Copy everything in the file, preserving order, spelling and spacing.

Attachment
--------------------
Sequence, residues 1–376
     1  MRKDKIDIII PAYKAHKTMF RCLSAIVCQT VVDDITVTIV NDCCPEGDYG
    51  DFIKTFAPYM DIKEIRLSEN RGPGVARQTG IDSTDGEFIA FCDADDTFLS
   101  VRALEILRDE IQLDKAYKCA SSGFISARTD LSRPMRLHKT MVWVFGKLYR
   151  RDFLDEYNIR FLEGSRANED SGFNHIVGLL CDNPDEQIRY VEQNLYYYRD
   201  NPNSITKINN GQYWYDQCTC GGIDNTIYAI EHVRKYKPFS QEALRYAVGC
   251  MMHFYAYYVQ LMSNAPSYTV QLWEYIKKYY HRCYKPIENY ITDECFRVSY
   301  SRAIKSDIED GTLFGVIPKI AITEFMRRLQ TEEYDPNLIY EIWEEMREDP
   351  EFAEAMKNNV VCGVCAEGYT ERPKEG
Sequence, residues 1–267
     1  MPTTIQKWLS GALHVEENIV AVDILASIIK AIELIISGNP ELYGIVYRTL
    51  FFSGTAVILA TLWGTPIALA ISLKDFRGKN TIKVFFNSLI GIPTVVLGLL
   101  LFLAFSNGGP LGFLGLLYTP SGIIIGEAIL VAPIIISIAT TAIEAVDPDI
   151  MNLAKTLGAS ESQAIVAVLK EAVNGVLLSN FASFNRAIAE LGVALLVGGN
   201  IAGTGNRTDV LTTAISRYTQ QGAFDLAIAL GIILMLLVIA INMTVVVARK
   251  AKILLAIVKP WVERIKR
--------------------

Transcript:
Sequence, residues 1–376
     1  MRKDKIDIII PAYKAHKTMF RCLSAIVCQT VVDDITVTIV NDCCPEGDYG
    51  DFIKTFAPYM DIKEIRLSEN RGPGVARQTG IDSTDGEFIA FCDADDTFLS
   101  VRALEILRDE IQLDKAYKCA SSGFISARTD LSRPMRLHKT MVWVFGKLYR
   151  RDFLDEYNIR FLEGSRANED SGFNHIVGLL CDNPDEQIRY VEQNLYYYRD
   201  NPNSITKINN GQYWYDQCTC GGIDNTIYAI EHVRKYKPFS QEALRYAVGC
   251  MMHFYAYYVQ LMSNAPSYTV QLWEYIKKYY HRCYKPIENY ITDECFRVSY
   301  SRAIKSDIED GTLFGVIPKI AITEFMRRLQ TEEYDPNLIY EIWEEMREDP
   351  EFAEAMKNNV VCGVCAEGYT ERPKEG
Sequence, residues 1–267
     1  MPTTIQKWLS GALHVEENIV AVDILASIIK AIELIISGNP ELYGIVYRTL
    51  FFSGTAVILA TLWGTPIALA ISLKDFRGKN TIKVFFNSLI GIPTVVLGLL
   101  LFLAFSNGGP LGFLGLLYTP SGIIIGEAIL VAPIIISIAT TAIEAVDPDI
   151  MNLAKTLGAS ESQAIVAVLK EAVNGVLLSN FASFNRAIAE LGVALLVGGN
   201  IAGTGNRTDV LTTAISRYTQ QGAFDLAIAL GIILMLLVIA INMTVVVARK
   251  AKILLAIVKP WVERIKR